The best place to start is www.victorwooten.com Vixrecords.com to find out about the record. You can go to bassnaturecamp.com to find out all about the camp that I’m running.Wootenwoods.com is a new location that is like a musical retreat center. And it is where I host all my camps. A little bit west of Nashville Tenn.


     Alan Parsons of the Alan Parson Project was available at his own booth to visit with fans, taking photos and signing autographs and to talk about and to promote his latest product, the groundbreaking video series on music production. An educational DVD Alan Parsons’ Art & Science of Sound Recording is about the recording business, presented by multi-platinum producer, engineer, and artist Parsons, teaching on the most elementary level each aspect of recording in the simplest terms, breaking down everything from microphones, to the most powerful recording systems. It is simply a top-to-toe, soup-to-nuts examination of the sound recording process. The program covers everything from dealing with room acoustics to creating timed delays. From demo loop to iTunes.

     Filmed in HD, the project comprises more than ten hours of original video material broken down into 24 sections. Many sections feature interviews with renown engineers and musicans. The DVD Boxed set contains 3 DVDs and features all of the program material or it can be downloaded or streamed off the internet. It can also be purchased in Individual Sections, where you can purchase Sections individually either for download or streaming (one-time-only) view. If you are a school or college you can purchase a special Education License that gives multiple students access to the program material online, plus tutor/director access to student scores on the Quizzes.


     Saturday night had a special treat for attendees. NAMM is a non-profit organization and this concert was performed by a band that is all about giving back as well. Although parties and concerts were ongoing all weekend until all hours of the night and in some cases, morning, Saturday NAMM hosted a special concert featuring Band From TV performing at the NAMM Show’s first annual All-Star Celebrity Jam.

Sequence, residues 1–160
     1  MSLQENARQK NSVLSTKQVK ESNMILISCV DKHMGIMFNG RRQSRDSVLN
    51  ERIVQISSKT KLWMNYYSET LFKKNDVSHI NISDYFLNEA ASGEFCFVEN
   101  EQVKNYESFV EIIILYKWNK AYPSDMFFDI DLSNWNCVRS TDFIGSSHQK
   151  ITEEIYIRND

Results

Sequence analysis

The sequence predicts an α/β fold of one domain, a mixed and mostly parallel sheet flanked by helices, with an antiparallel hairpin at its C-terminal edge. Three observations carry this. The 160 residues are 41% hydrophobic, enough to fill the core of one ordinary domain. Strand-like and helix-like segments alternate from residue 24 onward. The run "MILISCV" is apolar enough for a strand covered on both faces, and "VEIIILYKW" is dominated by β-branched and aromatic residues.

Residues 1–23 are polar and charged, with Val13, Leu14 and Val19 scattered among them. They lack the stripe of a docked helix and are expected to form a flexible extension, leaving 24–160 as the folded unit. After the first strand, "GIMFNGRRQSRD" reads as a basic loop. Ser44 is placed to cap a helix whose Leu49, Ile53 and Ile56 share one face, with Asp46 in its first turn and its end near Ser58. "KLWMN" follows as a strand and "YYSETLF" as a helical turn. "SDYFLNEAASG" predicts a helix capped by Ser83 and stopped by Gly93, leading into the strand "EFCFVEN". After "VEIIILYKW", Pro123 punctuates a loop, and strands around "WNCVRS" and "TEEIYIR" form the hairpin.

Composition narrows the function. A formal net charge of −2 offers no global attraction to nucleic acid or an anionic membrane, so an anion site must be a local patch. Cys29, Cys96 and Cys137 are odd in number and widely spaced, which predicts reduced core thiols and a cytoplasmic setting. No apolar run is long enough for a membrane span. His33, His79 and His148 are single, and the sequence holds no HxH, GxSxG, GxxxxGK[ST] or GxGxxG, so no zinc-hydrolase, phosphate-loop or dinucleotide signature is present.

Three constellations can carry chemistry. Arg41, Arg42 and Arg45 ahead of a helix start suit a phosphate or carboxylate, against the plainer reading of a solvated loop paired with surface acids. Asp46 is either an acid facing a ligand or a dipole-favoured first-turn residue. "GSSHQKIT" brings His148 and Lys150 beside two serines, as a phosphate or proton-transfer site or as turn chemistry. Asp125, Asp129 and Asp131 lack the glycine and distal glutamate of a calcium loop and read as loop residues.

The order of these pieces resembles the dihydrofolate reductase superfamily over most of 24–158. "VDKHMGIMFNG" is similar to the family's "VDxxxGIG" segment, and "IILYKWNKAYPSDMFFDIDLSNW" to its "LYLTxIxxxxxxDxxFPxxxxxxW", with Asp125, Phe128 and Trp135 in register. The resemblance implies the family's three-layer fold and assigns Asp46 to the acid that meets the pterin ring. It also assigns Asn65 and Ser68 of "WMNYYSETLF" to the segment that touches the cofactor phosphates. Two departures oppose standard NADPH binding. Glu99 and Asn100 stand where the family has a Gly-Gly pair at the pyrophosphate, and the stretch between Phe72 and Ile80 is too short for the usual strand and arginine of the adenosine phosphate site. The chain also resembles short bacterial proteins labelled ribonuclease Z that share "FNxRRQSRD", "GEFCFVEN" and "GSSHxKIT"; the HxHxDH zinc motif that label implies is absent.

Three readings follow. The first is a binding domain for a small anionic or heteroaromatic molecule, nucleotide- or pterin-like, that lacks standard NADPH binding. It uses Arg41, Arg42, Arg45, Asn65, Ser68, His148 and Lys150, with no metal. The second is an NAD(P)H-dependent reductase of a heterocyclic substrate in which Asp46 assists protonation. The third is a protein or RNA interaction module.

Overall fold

The evening’s concert featured actors and reality stars who aren’t usually known for their musical talents along with a few surprises. BAND FROM TV performed a variety of cover tunes and rock n’ roll classics. The Band From TV lineup includes a powerhouse of well-known and acclaimed actors. Members who performed at NAMM’s All Star Celebrity Jam included the band’s founder drummer Greg Grunberg of Heroes and NBC’s upcoming love anthology, Love Bites. Jesse Spencer (violin) and currently starring on House; Bob Guiney (vocals), who appeared on The Bachelor and is now the daily host of GSN: Live; Adrian Pasdar (guitar), from Heroes and Desperate Housewives; keyboard/vocalist Scott Grimes from American Dad, ER, and most recently, Robin Hood.

     Rounding out the band are accomplished musicians Chris Kelley (Music Director), Barry Sarna (Eagles), David Leach (Ben Harper), Chris Mostert (Eagles) and child-star turned bass player Brad Savage. ‘Band From TV’ is all about giving, with the majority of the money raised from gigs and the band’s CD/DVD “Hoggin’ All the Covers” being donated back to help the charities in their endeavors.  “We just do it for fun. We don’t charge anything. Sometimes these concerts are fundraisers and all the money goes to charities, which sometimes has been as much as a $100,000,” said bassist Brad Savage.

         As the show wound-down Sunday there were still enough stars and fun everywhere in the building. We spotted quite a few stars over the four days, some doing demonstrations, some signing autographs and somejust hanging out. We got to spend a brief time with some, including Billy Sherwood of Yes and Asia, Ryo Okumoto of Spock’s Beard and Asia, Erik Norlander of Asia and Rocket Scientists, Peter Tork of the Monkeys, Robert Rich, Stevie Wonder, Alan Parsons, Leslie West, Michael Schenker, Alan White, John Payne of Asia and many others. But even though the stars are fun, the show is about the products and getting them to the consumers. It is about information and education, and about another year of making music.